Tuesday, 22 November 2011

Gardening as a Pastime ( or a Farmers Garden) 33

Gardening as a Pastime(with tractors always in the picture)

The roses get the green fly, the taters get the blight
The cabbage get the caterpillars, what a blooming sight,
Apples there are plenty, grub hole in every one,
Birds have pecked the plums, the rot it has begun.

A gardening Blog

Many potential gardeners who work, and travel some distance to and from work, just physically do not have much time to do what they would like to do in the garden. Then there is the people who just cannot stand gardening, like a neighbour we had in the village, (the wheelwright), his wife loved her garden, and he was committed to mowing the lawns front and back, and always commented to who ever would listen, that his garden should be tarmac end to end, side to side, then each spring he could just sweep it off and paint it green.

This was about the time they were building the new M6 motorway, and different "cowboy" contractors were "peddling" tarmac at night and weekends, to do the drive or garden paths, at a rate never to beaten, cash only, right into their back pockets. However his wife would not here of it, and they kept to lawns and boarders on the front and a veg. plot and some lawn at the back of the house.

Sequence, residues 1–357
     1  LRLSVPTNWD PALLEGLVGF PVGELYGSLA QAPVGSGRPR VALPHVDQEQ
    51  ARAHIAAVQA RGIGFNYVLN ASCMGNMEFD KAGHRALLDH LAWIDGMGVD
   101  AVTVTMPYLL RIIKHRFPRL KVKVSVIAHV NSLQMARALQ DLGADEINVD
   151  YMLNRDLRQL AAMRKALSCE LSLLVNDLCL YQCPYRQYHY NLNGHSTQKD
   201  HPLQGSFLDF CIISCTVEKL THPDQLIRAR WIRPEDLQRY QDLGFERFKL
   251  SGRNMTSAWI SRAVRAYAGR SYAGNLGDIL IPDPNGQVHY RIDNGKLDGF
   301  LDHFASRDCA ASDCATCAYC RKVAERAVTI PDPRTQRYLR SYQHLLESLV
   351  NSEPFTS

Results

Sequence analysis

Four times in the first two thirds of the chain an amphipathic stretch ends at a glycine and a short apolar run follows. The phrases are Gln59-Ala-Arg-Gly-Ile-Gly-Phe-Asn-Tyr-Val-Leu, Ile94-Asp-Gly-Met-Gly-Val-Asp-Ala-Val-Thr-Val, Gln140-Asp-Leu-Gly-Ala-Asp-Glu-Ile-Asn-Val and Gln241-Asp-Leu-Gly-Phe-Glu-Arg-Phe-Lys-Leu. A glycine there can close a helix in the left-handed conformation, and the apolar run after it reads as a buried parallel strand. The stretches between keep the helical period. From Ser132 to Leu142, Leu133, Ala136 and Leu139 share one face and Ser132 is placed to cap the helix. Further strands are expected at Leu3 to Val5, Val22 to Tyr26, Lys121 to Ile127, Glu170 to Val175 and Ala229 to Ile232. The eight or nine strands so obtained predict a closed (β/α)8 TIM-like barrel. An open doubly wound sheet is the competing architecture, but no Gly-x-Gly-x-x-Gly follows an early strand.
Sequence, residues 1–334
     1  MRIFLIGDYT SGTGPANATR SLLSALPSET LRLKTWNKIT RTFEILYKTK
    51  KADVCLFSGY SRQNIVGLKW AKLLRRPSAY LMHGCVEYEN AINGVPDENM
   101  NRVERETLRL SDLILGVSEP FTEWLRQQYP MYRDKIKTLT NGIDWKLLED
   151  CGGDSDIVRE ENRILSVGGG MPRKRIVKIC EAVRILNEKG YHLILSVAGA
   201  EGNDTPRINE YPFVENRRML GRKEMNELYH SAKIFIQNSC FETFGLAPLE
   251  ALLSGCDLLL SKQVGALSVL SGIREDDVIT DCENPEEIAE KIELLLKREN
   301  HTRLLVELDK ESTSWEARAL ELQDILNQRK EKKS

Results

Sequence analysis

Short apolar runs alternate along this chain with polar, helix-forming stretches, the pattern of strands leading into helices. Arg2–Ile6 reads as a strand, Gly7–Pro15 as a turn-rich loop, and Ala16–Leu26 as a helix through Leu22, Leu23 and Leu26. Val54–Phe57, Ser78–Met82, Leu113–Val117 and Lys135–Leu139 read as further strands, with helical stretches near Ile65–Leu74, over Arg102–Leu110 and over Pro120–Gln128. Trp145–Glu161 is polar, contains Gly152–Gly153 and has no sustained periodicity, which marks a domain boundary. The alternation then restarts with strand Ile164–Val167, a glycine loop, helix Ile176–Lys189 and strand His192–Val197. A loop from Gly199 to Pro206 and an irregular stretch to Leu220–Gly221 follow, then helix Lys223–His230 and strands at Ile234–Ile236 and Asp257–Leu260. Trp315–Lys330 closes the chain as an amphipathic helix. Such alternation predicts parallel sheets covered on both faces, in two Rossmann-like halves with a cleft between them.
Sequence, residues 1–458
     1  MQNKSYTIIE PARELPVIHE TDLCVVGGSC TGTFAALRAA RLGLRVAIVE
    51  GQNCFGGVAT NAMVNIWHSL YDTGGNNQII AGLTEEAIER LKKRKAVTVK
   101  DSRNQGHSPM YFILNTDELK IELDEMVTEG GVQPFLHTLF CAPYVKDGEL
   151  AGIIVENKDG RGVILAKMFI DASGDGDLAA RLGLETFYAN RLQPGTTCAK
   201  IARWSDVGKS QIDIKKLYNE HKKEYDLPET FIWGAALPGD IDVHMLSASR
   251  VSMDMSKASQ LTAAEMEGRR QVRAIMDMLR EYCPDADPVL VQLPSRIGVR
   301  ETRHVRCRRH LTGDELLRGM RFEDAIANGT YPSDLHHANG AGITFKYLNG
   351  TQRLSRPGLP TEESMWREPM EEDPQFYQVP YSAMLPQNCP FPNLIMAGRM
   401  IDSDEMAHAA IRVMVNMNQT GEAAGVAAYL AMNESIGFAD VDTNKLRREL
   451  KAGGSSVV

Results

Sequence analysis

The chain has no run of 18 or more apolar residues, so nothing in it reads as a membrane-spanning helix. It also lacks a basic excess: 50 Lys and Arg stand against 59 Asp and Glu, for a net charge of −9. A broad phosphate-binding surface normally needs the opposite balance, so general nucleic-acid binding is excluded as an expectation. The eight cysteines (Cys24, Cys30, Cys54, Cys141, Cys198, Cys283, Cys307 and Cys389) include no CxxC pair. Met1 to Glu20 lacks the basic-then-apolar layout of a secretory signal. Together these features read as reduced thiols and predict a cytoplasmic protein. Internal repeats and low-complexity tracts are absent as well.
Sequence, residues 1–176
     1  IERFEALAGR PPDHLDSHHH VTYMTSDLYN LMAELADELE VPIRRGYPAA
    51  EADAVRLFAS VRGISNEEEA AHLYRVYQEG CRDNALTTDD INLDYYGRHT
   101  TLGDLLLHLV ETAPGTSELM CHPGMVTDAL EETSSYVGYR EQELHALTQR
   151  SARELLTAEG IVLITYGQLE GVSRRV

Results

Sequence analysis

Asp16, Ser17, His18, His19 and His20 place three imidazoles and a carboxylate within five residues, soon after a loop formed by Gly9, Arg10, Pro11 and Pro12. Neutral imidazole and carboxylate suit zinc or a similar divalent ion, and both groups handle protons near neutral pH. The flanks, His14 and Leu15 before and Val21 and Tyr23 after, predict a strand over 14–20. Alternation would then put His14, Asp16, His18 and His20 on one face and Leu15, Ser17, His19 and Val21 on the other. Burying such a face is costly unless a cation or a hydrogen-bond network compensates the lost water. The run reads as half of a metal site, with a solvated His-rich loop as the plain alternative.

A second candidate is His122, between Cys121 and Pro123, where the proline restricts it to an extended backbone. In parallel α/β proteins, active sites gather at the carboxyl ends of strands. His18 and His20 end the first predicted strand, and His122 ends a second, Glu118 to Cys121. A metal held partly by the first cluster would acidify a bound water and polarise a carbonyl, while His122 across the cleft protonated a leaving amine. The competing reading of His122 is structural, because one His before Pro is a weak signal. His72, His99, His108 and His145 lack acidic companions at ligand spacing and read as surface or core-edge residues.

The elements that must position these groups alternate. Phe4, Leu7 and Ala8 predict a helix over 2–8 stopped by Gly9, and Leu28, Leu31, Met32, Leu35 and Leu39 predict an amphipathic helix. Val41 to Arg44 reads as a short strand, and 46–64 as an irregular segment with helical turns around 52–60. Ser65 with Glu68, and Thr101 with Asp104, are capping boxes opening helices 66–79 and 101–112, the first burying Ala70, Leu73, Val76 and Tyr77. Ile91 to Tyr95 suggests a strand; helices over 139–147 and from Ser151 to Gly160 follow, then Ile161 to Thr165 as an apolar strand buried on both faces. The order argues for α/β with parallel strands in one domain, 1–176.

This is how I sum up gardening


Gardening as a Pastime

The lawns are mowed the grass removed, starve it if you can,
Start in March or sooner, cut it twice a week's the plan,
Grows like mad till the summer, then brown and crusty goes,
Precious water sprinkled on, the time and cost who knows.

Had the mower sharpened, through mole hills it has cut,
They're only after earth worms, to fill their little gut,
Got to have a blow hole, to push the soil out,
Maize of tunnels under the lawn, so tough and black and stout.

The roses get the green fly, the taters get the blight
The cabbage get the caterpillars, what a blooming sight,
Apples there are plenty, grub hole in every one,
Birds have pecked the plums, the rot it has begun.

The wasps are round the jam pot, flies around the meat,
Its summertime enjoy it, try getting out the heat,